Bahrain plans free shots, Saudi Arabia approves Pfizer jab

By: |
December 11, 2020 11:40 AM

The United Arab Emirates on Wednesday described the Sinopharm vaccine as 86 per cent effective, but provided few details and answered no questions.

The move comes against the backdrop of two cases of severe allergic reactions and one of a relatively milder onset of allergic reaction in recipients being reported for the Pfizer vaccine in the UKThe move comes against the backdrop of two cases of severe allergic reactions and one of a relatively milder onset of allergic reaction in recipients being reported for the Pfizer vaccine in the UK

Bahrain has announced plans to give the public free coronavirus vaccines, as Saudi Arabia said it approved an inoculation by Pfizer and its German partner BioNTech to fight the pandemic.

The island nation of Bahrain, off the coast of Saudi Arabia, made the vaccine pledge in an announcement published late Thursday by its state-run Bahrain News Agency.

“A safe vaccine will be provided free of charge to all citizens and residents within the kingdom,” the statement said, without elaborating on which vaccine it would offer.

Bahrain plans to inoculate everyone 18 years and older in the kingdom at 27 different medical facilities, hoping to be able to vaccinate 10,000 people a day.

Bahrain, an island in the Persian Gulf home to the US Navy’s 5th Fleet, has a population of around 1.5 million people.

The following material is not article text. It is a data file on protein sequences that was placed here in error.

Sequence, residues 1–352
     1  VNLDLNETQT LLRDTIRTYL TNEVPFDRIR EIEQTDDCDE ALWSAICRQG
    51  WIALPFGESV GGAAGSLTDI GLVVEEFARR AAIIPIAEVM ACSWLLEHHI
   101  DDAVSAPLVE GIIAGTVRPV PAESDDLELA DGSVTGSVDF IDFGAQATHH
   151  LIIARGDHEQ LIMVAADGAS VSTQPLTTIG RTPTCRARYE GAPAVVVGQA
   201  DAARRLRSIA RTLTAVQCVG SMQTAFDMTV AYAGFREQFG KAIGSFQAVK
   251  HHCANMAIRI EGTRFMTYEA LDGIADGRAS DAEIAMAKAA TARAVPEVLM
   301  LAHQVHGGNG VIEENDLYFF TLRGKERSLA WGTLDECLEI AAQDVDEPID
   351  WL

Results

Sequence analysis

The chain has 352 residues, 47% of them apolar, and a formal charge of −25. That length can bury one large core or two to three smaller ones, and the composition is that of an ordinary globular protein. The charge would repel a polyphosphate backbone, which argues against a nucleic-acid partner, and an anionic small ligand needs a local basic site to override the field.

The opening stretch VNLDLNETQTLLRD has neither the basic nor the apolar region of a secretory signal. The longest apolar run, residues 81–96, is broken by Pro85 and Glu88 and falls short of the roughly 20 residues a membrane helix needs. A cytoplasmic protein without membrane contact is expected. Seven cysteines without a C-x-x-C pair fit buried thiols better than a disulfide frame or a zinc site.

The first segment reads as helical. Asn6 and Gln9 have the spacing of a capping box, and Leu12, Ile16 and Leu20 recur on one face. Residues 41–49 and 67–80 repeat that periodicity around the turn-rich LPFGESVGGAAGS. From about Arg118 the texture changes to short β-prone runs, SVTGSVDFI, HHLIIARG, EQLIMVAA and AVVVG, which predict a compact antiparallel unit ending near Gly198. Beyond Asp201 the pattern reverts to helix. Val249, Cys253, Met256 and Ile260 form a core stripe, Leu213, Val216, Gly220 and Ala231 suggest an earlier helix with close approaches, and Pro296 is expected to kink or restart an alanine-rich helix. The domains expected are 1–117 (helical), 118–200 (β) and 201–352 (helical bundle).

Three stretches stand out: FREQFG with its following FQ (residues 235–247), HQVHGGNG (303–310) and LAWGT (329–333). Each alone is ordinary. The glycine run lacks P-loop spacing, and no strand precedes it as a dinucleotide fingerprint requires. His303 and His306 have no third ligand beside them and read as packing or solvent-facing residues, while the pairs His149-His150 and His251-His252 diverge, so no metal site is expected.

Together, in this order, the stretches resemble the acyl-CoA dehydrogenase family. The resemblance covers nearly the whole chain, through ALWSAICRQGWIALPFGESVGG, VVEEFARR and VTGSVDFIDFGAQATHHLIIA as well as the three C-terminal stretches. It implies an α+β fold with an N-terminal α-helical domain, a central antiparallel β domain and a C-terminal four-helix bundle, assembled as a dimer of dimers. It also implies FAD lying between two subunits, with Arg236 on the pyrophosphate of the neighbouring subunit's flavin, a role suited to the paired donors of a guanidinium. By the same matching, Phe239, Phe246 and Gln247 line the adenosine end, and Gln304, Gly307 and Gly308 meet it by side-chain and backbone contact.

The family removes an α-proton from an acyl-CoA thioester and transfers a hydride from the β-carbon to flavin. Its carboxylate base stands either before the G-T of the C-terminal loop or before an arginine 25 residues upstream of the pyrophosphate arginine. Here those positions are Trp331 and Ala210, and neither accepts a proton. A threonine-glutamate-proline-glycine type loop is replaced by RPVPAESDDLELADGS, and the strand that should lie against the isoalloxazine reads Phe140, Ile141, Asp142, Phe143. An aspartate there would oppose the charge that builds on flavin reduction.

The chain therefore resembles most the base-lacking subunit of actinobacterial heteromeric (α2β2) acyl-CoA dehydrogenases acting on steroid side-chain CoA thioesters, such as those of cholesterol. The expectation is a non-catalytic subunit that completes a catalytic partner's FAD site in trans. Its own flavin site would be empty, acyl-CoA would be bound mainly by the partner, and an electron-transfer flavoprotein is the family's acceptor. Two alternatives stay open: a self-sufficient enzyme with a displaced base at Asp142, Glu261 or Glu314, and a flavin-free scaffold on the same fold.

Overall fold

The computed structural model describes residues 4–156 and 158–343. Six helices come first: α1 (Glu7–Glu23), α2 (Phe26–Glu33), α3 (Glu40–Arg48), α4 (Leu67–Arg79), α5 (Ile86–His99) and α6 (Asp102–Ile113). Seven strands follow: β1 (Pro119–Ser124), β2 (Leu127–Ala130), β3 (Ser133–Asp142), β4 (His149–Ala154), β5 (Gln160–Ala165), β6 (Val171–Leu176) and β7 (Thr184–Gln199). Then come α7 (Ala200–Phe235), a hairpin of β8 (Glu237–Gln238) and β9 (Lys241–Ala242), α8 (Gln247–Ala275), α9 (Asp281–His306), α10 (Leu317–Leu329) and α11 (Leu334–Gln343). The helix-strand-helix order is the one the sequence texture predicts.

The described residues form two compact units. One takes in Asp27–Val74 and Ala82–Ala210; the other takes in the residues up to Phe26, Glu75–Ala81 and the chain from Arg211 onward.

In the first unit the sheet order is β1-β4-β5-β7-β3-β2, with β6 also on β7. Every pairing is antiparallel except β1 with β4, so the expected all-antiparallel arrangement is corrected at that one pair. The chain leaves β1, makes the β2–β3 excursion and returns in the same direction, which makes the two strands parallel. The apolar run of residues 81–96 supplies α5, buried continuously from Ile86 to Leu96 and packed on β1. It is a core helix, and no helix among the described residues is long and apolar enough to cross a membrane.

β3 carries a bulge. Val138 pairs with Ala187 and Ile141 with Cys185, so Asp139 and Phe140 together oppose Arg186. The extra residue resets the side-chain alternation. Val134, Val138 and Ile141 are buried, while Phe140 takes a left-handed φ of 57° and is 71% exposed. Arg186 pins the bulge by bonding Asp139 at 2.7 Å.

A week ago, Bahrain said it had become the second nation in the world to grant an emergency-use authorization to the Pfizer vaccine after the United Kingdom.

The Pfizer shots, a so-called “mRNA vaccine,” contain a piece of genetic code that trains the immune system to recognize the spiked protein on the surface of the virus.

To be vaccinated, a person receives two shots over 21 days.

In the time since, Bahrain has not responded to questions from The Associated Press, including on Friday. Pfizer told the AP that the details of its sales agreement with Bahrain, including the “timing of delivery and the volume of doses,” were confidential and declined to comment.

Bahrain had already granted emergency-use authorisation for a Chinese vaccine made by Sinopharm and has inoculated some 6,000 people with it.

That vaccine is an “inactivated” shot made by growing the whole virus in a lab and then killing it.

The United Arab Emirates on Wednesday described the Sinopharm vaccine as 86 per cent effective, but provided few details and answered no questions.

It marked the first public release of information on the efficacy of that shot.

Earlier Thursday, Saudi Arabia’s Food and Drug Authority said it had registered the Pfizer vaccine “so that health authorities in the kingdom can then import and use the vaccine.”

The kingdom said it based its decision on information given by Pfizer on November 24, without elaborating.

Pfizer on November 18 said its vaccine is 95 per cent effective.

A major challenge for the Pfizer shot in the Mideast remains the weather, however. The vaccines must be stored and shipped at ultra-cold temperatures of around minus 70 degrees Celsius (minus 94 degrees Fahrenheit).

Saudi Arabia said its Health Ministry later would announce plans on how it would distribute the vaccine in the kingdom, the biggest Gulf Arab state, with a population of 34 million people.

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